I walked outside to get some fresh air and just kind of kicked around the yard, taking deep breaths. The crazy thing was, Brian’s father was currently being treated for melanoma up in Dallas. Stage 3. One year of Interferon injections. He was six months in and it was sobering to watch this huge man, loud and active, basically be forced to take early retirement and have barely have enough energy to stay awake for long periods of time. He was losing weight like crazy and wasn’t sure he was going to have the strength to finish the entire year of chemo.
Two things kept running through my mind. The first was that if I have to do chemo, would I have the energy to keep up with caring for my son. We had waited until our mid-30s to start our family, but were clear about wanting an infant. We wanted to raise a child from birth and experience every stage of his or her life. I didn’t want to miss this time, laid up in bed or unable to leave the bathroom. Sure, Brian was there so I wasn’t a single parent and Clark would be cared for. But how could I be fully present as a parent and be fighting this at the same time? It was too much wrap my head around. So my thoughts turned to the next thought – what about Halloween?
That’s when it hit me. All those future Halloweens. I never considered I might not be around for those. Was this the first and last time I would take Clark trick-or-treating? Was this the only costume I would ever see him in? “No. Not doing this,” I thought. This was Clark’s first Halloween and it was going to be fun, not sad. And not just fun for him, fun for me too. I was not going to let fear of what might be spoil the one time of the year when you’re allowed to be anything you want. And I knew just what I was going to be for Halloween this year. I was going to be a dad.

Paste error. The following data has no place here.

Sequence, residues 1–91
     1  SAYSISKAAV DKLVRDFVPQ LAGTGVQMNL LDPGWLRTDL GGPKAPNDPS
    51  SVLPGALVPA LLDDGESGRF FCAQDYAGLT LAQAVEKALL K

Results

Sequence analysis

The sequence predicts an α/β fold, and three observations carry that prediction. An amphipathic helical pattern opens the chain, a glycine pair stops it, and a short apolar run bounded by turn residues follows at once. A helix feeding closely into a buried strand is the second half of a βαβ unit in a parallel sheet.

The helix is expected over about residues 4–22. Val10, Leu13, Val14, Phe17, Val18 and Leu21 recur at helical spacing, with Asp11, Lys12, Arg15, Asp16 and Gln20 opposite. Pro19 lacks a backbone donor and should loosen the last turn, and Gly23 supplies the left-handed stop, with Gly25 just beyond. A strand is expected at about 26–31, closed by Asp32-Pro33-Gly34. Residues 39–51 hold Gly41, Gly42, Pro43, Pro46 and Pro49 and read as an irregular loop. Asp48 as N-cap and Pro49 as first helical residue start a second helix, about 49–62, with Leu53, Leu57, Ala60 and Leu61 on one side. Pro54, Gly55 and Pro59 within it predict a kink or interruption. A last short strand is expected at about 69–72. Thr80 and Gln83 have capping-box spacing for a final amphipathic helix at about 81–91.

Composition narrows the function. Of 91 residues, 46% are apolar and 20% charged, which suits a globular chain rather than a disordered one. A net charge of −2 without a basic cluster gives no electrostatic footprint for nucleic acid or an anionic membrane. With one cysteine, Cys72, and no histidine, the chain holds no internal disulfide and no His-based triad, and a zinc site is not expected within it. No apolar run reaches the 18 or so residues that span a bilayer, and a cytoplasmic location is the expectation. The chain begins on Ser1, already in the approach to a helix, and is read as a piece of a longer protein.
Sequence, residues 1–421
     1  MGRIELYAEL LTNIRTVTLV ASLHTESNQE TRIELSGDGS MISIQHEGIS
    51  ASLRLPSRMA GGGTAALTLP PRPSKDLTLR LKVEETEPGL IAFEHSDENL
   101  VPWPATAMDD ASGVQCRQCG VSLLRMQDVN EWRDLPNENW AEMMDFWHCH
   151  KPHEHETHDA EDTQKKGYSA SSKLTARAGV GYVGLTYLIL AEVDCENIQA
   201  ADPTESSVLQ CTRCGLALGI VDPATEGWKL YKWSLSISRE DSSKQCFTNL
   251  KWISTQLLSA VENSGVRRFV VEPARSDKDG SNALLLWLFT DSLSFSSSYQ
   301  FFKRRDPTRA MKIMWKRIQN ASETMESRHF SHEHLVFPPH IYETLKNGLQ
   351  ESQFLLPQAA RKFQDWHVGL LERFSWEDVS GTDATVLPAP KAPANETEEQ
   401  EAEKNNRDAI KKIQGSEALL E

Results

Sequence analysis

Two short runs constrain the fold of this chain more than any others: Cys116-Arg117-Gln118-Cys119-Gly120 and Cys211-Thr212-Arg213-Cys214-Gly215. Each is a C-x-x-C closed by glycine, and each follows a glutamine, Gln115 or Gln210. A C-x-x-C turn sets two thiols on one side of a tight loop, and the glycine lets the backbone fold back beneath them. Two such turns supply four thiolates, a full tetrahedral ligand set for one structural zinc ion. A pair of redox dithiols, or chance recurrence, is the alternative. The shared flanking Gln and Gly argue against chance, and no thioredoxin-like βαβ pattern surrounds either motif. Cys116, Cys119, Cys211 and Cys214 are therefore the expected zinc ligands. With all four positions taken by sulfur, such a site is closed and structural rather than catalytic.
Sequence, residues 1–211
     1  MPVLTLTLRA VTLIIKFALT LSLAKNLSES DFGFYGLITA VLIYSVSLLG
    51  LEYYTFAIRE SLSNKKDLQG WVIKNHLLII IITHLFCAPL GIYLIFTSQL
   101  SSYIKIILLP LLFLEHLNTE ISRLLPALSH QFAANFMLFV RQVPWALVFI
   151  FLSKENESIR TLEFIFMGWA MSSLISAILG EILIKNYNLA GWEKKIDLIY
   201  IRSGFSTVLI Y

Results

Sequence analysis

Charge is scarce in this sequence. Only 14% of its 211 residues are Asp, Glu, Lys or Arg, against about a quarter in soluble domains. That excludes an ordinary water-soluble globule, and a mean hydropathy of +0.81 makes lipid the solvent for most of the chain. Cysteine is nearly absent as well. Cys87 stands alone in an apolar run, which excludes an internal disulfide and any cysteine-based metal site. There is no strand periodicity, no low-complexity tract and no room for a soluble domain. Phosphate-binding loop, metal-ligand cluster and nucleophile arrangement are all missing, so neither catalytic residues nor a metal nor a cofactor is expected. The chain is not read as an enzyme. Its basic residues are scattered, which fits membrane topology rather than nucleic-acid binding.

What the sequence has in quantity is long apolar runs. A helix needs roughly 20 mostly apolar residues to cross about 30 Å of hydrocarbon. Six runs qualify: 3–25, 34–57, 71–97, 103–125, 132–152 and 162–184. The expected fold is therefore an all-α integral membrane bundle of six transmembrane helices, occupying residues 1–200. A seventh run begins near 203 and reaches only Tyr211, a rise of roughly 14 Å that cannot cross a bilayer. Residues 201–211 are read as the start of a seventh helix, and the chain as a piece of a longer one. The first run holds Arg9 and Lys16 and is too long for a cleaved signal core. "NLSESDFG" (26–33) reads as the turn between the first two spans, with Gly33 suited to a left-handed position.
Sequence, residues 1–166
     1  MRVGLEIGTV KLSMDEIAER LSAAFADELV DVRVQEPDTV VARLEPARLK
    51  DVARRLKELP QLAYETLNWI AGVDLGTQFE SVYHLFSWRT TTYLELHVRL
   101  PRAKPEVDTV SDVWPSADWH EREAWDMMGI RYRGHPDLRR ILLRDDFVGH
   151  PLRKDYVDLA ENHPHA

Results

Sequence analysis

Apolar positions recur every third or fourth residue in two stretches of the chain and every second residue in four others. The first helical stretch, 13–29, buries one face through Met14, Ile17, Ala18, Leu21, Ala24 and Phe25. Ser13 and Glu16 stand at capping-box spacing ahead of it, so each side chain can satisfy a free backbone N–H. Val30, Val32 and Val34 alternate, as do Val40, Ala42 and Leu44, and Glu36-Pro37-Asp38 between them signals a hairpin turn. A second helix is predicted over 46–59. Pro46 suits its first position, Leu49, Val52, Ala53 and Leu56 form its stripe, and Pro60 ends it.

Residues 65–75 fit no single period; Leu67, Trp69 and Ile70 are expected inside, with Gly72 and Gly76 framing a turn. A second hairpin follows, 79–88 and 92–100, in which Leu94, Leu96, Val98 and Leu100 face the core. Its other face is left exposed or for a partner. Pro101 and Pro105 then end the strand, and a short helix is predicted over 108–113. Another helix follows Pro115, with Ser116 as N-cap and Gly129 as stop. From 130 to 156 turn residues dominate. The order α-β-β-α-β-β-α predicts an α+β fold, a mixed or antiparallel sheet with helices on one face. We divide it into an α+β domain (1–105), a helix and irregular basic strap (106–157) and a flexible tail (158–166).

The picture above will always be one of my favorites of me and Clark. My little candy corn and his Poppy, who despite just being told he had cancer, had the best, most meaningful Halloween of his life.
(Thankfully, Dr. Mason was right. My melanoma was caught early. They took a hunk of tissue from my back and no chemo needed. It left me with a nasty scar and a standing appointment with my dermatologist every six months. But it also left me with an additional six Halloweens — and counting — with my son.)